Constantine also abolished the penalty of death by crucifixion, but what merits even more attention is another decree that he issued and that brought about the severest and most slanderous attacks against him. Take a note of this, because it is a most crucial point ‒ a decisive law over which he was reviled more than ever before. What was this decree about? It concerned adultery, which was henceforth designated as a capital offence, one of the gravest, most serious offences under civil law. 

Consequently, the edicts he issued against adulterers were most severe. It was in this context that, if I may use the expression, the devil pulled his trick. I will explain this story in a few minutes, if you wish. It is, after all, the major foothold that the most insolent slanderers have been using. The fact that Constantine relegated Rome to a secondary position and denounced idol worship is no longer their primary concern. The repudiation of idolatry pales in comparison to the accusation that he killed his own son and his wife. A most serious accusation: the murder of his son, Crispus, and of his wife, Fausta. What heart could bear such a thing? An apologist for Christianity might give an answer, based on what I mentioned in the beginning: all saints have sinned; it is the common truth. However, doesn᾽t that leave a sting behind, like any thorny issue that remains unresolved? “He actually killed his son and wife? What kind of saint is this?” We know that in the Church, everyone can become a saint, even the greatest villains whose words or actions are an affront to God, but this was not the case here, so I will not make a false apology; I will attempt a historical vindication, on the basis of the existing documents. Of course, even if Constantine had murdered his son and his wife, only God knows how saints are designated. Just think how many reached sainthood on these terms. Christ᾽s crucifiers themselves became saints. Saint Longinus is a good example, right? Quite a powerful example, I would say... However, this is not what we are dealing with here. Constantine᾽s case is different. Unfortunately, the law he proposed against adultery became the springboard for launching an attack comprised of the most meandering falsehoods and shocking fabrications, which would stick to him for the rest of his life. Let us briefly consider the facts, while we are at it. It is important because this is the story upon which historians will focus nowadays. They no longer linger on the fact that he transferred the centre of the empire to New Rome. This is secondary now. Today they focus on the crimes.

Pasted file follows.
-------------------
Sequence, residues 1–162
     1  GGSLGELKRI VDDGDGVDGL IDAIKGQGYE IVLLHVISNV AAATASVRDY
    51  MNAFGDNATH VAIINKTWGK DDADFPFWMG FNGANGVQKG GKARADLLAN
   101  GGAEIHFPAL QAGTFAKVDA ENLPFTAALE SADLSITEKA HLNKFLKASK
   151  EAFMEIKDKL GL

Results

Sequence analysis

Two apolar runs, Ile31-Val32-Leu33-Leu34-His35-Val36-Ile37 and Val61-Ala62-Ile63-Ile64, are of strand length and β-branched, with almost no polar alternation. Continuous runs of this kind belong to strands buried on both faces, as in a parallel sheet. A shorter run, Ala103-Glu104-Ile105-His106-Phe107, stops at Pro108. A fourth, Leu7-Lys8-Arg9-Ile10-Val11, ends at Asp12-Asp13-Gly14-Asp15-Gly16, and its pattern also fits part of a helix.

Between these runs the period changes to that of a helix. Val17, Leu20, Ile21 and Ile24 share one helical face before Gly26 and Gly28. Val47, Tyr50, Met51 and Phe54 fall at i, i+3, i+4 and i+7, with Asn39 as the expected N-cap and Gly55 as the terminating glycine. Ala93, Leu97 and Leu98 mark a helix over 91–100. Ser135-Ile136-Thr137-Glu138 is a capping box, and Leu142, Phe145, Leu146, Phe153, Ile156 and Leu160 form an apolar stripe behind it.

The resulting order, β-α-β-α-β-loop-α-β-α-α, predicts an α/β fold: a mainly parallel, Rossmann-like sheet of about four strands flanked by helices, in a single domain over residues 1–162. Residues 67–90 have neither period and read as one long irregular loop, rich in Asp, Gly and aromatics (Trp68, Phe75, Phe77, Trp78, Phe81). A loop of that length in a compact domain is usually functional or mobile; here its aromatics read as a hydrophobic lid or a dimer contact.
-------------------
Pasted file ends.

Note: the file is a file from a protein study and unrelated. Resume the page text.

I will explain in a few words, giving a condensed account from the historians who handled this topic. Saint Constantine was initially married to an excellent young woman. However, in the context of the political power-game that was prevalent in the Empire at the time, he was forced by Maximianus to divorce his first wife, with whom he had a son, Crispus, and wed Maximianus᾽ daughter. It was necessary, for the purpose of maintaining an equilibrium in the Empire and for the termination of hostilities. Thus, he got married to Fausta. One can hardly avoid making a pun with Fausta᾽s name at this point ‒ presumably you are all familiar with Faust, that demonic hero of European literature... What happened next? It was only a few days after Saint Constantine issued the decree that condemned adultery as a major crime and grievous sin. Only a short time had passed before Fausta brought forth an accusation that involved her husband. She claimed Crispus, Constantine᾽s son from his first wife had made an attempt to sexually assault her.

Icon from here (Holy Mount Athos, Protaton, 14th century)